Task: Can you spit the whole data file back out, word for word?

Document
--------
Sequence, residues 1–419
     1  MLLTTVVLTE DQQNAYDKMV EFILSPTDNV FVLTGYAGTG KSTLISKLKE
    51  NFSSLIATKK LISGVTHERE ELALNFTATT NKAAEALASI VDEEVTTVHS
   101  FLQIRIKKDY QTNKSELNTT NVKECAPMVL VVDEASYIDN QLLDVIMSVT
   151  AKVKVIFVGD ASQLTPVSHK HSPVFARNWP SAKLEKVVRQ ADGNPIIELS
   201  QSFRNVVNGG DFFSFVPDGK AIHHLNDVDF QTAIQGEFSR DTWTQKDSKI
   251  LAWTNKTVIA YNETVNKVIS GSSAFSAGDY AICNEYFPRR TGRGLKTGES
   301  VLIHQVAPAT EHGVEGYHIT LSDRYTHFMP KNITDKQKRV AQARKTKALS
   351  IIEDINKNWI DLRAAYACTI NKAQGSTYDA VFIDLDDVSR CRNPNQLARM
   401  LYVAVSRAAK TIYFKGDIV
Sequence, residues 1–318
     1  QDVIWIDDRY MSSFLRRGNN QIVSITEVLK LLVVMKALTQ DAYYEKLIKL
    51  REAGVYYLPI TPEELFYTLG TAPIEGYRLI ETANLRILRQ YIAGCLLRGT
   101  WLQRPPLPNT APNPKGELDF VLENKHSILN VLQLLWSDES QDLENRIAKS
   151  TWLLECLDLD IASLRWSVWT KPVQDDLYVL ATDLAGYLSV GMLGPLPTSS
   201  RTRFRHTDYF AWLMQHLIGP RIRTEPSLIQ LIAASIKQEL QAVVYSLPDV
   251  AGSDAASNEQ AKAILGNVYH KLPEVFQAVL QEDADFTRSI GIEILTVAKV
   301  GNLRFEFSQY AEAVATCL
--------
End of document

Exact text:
Sequence, residues 1–419
     1  MLLTTVVLTE DQQNAYDKMV EFILSPTDNV FVLTGYAGTG KSTLISKLKE
    51  NFSSLIATKK LISGVTHERE ELALNFTATT NKAAEALASI VDEEVTTVHS
   101  FLQIRIKKDY QTNKSELNTT NVKECAPMVL VVDEASYIDN QLLDVIMSVT
   151  AKVKVIFVGD ASQLTPVSHK HSPVFARNWP SAKLEKVVRQ ADGNPIIELS
   201  QSFRNVVNGG DFFSFVPDGK AIHHLNDVDF QTAIQGEFSR DTWTQKDSKI
   251  LAWTNKTVIA YNETVNKVIS GSSAFSAGDY AICNEYFPRR TGRGLKTGES
   301  VLIHQVAPAT EHGVEGYHIT LSDRYTHFMP KNITDKQKRV AQARKTKALS
   351  IIEDINKNWI DLRAAYACTI NKAQGSTYDA VFIDLDDVSR CRNPNQLARM
   401  LYVAVSRAAK TIYFKGDIV
Sequence, residues 1–318
     1  QDVIWIDDRY MSSFLRRGNN QIVSITEVLK LLVVMKALTQ DAYYEKLIKL
    51  REAGVYYLPI TPEELFYTLG TAPIEGYRLI ETANLRILRQ YIAGCLLRGT
   101  WLQRPPLPNT APNPKGELDF VLENKHSILN VLQLLWSDES QDLENRIAKS
   151  TWLLECLDLD IASLRWSVWT KPVQDDLYVL ATDLAGYLSV GMLGPLPTSS
   201  RTRFRHTDYF AWLMQHLIGP RIRTEPSLIQ LIAASIKQEL QAVVYSLPDV
   251  AGSDAASNEQ AKAILGNVYH KLPEVFQAVL QEDADFTRSI GIEILTVAKV
   301  GNLRFEFSQY AEAVATCL